Combined with other things like student loan debt, interest rates going up (even if slowly), vehicles costing more and more…people are tapped out. Then factor in Amazon and other on-line retailers, brick and mortar as it has historically been is dead. Most of the dead malls found on-line are in smaller cities that were the worst hit with the decline in manufacturing jobs. Now we are seeing it trickle into the big cities.

  4. Alex Pline says:

    What an autocentric hell hole that area is – or appears to be from Google Maps. I don’t know the local area or the culture of suburban Indy, but my sense from looking at the surrounding area is the only thing that *might* work there given the over abundance of retail and its decline is to rip up everything, take it back to dirt and plant a bunch of suburban housing with cul de sacs. It would at least be congruous with what is around it. And if that topology has demand in the area it might work – for a while anyway. But the thought of turning it into a new urbanist kind of place with a street grid given the autocentric nature around it, is an incongruous pipe dream doomed to failure. As Kevin Klinkenberg says this kind of sprawl is just not worth anyone’s attention to try and repair because it is what it is and won’t ever be anything else at least until there is major catastrophic or dislocative change.

    • Chris B says:

      Alex, Indy has one of the highest 2 or 3 “commute alone in car” shares of any metro in its size class (~2million). What you see there is a normal consequence of our car dependence at that level.

      That is what a car-based suburban CBD looks like.

      The nearest cul de sac is quite a distance away, as there are rings of offices, apartments, and highways surrounding the mall. It is not unlike King Of Prussia, PA.

      • Chris B says:

        Think pre-Metro Silver Spring MD.

        • Alex Pline says:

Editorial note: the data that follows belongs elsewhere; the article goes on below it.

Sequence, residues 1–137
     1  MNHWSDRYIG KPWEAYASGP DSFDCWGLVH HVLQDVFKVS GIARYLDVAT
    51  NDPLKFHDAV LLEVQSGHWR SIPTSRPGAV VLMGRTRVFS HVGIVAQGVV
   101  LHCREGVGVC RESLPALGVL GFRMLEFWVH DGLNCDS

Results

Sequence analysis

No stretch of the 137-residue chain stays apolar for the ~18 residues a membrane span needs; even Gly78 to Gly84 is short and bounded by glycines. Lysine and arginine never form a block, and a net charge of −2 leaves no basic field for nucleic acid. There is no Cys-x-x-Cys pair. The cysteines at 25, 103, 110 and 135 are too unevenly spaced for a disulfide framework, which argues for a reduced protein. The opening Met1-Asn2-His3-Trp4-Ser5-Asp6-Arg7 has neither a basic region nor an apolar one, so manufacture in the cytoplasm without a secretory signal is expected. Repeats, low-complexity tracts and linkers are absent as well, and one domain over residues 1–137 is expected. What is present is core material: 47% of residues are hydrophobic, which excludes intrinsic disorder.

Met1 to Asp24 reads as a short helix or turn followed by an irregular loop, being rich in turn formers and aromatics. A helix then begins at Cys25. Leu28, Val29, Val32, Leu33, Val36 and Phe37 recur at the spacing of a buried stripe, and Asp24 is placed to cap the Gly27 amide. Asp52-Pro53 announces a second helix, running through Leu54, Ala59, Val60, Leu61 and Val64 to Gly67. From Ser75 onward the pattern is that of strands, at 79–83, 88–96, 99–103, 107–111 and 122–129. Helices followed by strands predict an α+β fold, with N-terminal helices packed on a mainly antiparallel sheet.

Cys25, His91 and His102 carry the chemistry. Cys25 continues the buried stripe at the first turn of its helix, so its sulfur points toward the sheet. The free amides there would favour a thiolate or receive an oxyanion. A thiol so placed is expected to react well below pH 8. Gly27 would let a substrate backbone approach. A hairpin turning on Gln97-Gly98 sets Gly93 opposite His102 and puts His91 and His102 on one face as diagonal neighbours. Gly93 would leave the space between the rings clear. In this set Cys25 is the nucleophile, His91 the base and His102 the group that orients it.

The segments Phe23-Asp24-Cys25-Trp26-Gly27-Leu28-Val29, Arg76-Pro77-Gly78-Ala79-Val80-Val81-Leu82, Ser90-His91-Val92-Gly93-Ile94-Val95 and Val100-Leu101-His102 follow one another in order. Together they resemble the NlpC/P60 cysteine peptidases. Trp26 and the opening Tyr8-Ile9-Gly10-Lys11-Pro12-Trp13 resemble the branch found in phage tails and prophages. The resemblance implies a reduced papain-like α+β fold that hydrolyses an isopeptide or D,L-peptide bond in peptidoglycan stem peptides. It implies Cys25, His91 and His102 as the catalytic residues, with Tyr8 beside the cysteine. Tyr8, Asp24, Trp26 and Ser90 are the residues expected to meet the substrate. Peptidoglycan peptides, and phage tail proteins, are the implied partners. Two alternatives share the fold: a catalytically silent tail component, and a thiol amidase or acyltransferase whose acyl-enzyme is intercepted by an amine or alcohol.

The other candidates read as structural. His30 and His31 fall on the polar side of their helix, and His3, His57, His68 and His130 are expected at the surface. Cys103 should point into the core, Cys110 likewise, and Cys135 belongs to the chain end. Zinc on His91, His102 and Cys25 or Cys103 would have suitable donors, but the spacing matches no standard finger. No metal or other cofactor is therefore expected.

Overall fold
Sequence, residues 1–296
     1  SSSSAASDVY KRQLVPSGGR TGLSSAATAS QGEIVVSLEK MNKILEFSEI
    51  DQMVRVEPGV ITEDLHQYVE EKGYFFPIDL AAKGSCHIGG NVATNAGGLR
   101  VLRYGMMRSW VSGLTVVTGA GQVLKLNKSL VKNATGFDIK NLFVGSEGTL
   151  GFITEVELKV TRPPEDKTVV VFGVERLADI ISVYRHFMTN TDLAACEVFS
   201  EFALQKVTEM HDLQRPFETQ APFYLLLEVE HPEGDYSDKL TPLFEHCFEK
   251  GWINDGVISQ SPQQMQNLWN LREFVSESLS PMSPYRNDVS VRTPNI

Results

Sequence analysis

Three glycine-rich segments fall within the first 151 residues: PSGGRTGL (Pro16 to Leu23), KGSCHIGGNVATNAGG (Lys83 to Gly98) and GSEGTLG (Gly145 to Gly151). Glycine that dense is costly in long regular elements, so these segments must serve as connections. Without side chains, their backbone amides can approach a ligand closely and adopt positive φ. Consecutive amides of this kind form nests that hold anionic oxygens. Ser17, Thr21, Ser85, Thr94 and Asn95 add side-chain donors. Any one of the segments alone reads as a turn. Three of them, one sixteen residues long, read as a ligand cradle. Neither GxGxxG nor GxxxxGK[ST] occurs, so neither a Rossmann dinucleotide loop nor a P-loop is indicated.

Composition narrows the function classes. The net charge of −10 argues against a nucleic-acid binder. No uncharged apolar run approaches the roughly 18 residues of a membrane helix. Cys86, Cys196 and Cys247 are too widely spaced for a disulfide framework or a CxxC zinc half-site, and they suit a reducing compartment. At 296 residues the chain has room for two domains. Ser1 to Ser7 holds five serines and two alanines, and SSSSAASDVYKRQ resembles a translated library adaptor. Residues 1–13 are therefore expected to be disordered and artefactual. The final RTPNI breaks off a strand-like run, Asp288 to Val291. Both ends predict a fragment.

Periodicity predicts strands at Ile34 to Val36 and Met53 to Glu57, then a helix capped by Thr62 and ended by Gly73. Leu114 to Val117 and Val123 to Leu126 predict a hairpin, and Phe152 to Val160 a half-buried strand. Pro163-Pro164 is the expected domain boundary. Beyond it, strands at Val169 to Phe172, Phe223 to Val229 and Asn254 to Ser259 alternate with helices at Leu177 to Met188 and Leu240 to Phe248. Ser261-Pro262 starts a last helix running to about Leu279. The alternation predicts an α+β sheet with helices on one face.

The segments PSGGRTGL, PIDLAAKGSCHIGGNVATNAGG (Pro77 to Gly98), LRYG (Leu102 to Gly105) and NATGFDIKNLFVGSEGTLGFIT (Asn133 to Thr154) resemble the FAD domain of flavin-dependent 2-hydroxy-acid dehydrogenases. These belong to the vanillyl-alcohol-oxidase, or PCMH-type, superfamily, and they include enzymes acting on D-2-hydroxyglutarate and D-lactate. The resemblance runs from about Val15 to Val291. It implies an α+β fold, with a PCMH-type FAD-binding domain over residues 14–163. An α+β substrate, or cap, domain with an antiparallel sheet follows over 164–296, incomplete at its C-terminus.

LOL, guess what, even with the Metro it still sucks. Not quite this bad, but close.

          • Chris B says:

            I remember driving there from a friend’s house to catch the Red Line in the late 70s. It was a sea of parking lots until more-dense development repurposed some of the strip malls and asphalt.

          • Hi Alex—Chris is right: Castleton is completely in keeping with mall development from the 1970s and is basically on par with King of Prussia or Tyson’s Corner, but a whole lot smaller (obviously). Still pretty big though, and definitely oversized for 2018 retail demand. I’d bet that, with the outparcels, the greater stretch of Castleton is about 30% vacant…yet it’s still considered an above-average performing mall.

            Bearing that in mind, there’s more potential than just cul-de-sacs; lots of office space nearby, and the road on the south (86th Street) is probably the single biggest suburban commercial/retail corridor in the whole metro. About 1.5 miles to the west is Keystone at the Crossing, which is Indy’s primary Edge City.

    • tyler says:

      it is. and no sidewalks. i used to have to drop my car off at firestone for an oil change and then walk back to work and it’s nothing but street, parking lot or grass…. and it’s a longer walk than it feels in teh car.

  5. Richard W. says:

    I’m 68 years old, and part of the mall generation. I watched the waxing and waning of Castleton, and the whole problem is that traffic in the area has made Castleton a “no-go” for many people. This is especially true for seniors who, like me, still prefer to do the majority of their shopping in stores rather than on the internet. Although I do both. The idea of fighting traffic to get into and out of the mall, just isn’t worth it to me.

    • Thanks for writing, Richard, though I admit I’m a bit confused by this observation. If the mall has “waned” as you say, wouldn’t that have actually made the traffic less of a problem? It would seem at this point that Sears closed (and the Target before it), due to a lack of traffic, both vehicular and pedestrian.

      • ahow628 says:

        I don’t want to speculate on Richard’s thoughts, but I think a possibility is that all the other retail sprawl around there (strip malls, Costco, furniture stores, etc) are causing heavy traffic around the area of the mall. Personally, I don’t think that holds much water and tend to think online shopping is the main driver.

      • Chris B says:

        The main mall entrances are on 82nd St. between Allisonville and I-69/Shadeland, or from 86th and Allisonville.

        I agree with Richard that the traffic to get to the mall entrances is very heavy regardless of the dropoff in mall shopping…partly from the district’s retail sprawl, partly from the dense residential along Allisonville, partly from the big office park north of the mall, partly from crosstown traffic heading west to the Keystone Crossing area, and partly from other crosstown traffic avoiding congestion on I-465 at I-69 and at 96th and Keystone.

  6. Jan Sayre says:

    I can’t imagine life without Sears. Have used Sears paint for 60 yrs in and out always Sears appliances yard things. Can’t stand the thought of no Sesrs. Can’t believe this is happening. My Dad would not survive this if he was here. Glad I got my washer and dryer in time. Good bye to a wonderful era.